What You Should Really Know about Laser Hair Removal Treatments and Their Risks

skin treatment

In recent years, treatments involving the use of lasers have become increasingly popular. There are a range of treatments from which we can choose, and this includes laser skin resurfacing (the removal of ‘dead’ skin to encourage the development of new skin), laser tattoo removal (the removal of tattoo markings through high-intensity lasers), and laser hair removal (the removal of hair from different areas of the body, which can have semi-permanent results).

Amongst all these procedures, though, laser hair removal treatment remains the most popular, perhaps because a lot of us don’t want to be bothered dealing with unwanted hair on our arms, legs, back, face, and other areas ever again. But what should you really know about laser hair removal treatments, and, more importantly, what should you know about the risks? Let’s find out.

It has been deregulated

What’s ironic is that procedures such as laser hair removal have actually been deregulated, as far back as 2010. What this means is that it is no longer regulated, and basically anyone with a little bit of knowledge can perform the procedure. Technicians no longer have to be properly skilled or trained to work with laser hair removal machines, and many beauty salons can offer the treatment without any regulations whatsoever.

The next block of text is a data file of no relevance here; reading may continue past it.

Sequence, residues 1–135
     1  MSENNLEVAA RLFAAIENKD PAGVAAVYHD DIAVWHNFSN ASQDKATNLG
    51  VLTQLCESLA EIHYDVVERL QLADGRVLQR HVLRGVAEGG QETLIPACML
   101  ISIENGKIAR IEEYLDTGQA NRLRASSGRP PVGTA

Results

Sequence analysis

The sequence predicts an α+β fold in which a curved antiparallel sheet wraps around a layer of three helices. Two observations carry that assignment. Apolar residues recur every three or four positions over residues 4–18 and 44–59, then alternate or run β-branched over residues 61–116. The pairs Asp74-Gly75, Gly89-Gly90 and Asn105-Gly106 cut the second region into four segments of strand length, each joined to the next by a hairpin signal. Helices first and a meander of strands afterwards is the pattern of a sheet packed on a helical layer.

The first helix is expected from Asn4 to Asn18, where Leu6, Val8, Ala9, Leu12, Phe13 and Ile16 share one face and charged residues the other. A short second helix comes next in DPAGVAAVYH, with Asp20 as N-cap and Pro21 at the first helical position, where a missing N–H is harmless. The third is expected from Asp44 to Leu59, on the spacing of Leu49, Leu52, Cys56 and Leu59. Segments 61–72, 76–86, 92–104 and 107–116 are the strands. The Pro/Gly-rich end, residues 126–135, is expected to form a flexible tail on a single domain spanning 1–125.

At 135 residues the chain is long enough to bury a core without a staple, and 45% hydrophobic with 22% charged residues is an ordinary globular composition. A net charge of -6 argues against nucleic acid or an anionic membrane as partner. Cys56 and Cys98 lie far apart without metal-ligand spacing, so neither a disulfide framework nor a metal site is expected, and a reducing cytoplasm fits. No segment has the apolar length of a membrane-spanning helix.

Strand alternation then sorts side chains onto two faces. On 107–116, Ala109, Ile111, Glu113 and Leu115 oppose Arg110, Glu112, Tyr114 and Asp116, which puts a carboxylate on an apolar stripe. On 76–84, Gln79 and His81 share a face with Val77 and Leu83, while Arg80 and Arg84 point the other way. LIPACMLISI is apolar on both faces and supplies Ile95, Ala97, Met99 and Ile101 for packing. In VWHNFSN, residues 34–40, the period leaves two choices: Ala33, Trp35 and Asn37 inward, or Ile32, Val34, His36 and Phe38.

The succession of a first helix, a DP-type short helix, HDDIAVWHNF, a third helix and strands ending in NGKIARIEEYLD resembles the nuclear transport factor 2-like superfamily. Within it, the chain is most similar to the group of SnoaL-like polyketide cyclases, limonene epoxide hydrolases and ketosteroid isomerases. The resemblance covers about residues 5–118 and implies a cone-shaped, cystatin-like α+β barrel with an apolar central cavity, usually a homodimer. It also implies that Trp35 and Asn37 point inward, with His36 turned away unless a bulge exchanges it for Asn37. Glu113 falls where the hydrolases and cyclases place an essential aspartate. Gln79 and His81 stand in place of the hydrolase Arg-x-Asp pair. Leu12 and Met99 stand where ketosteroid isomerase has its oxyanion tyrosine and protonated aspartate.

So, what does this mean for you? This means that if you go through a procedure of laser hair removal, you have a significant risk of becoming injured, whether you suffer from burns from laser hair removal or a skin infection, redness and swelling, blistering, scarring, or other injury.

Most of the technicians performing the procedure today are not well-versed in the level of intensity of the laser machine to use, and some don’t even perform a proper skin patch test. Remember this: before undergoing the procedure, you should have a consultation with the specialist, and they should examine and assess your skin, especially your skin’s colour and type, and they should also assess the hair in the area to be treated.

What you should expect from a specialist

The technician should also discuss your medical history with you and should ask you about medication you are currently taking, as this could affect the treatment’s results. They should also explain the risks of the procedure, such as laser hair removal burns which can lead to laser hair removal scars. If you decide to have the treatment, you should be asked to sign a consent form.

If your technician has not done any of the above things and you suffer a burn injury, an infection, or more as a consequence, you can seek compensation. Seeking compensation is made easier nowadays with many firms of solicitors offering No Win-No Fee agreements.

Image attributed to Pixabay.com

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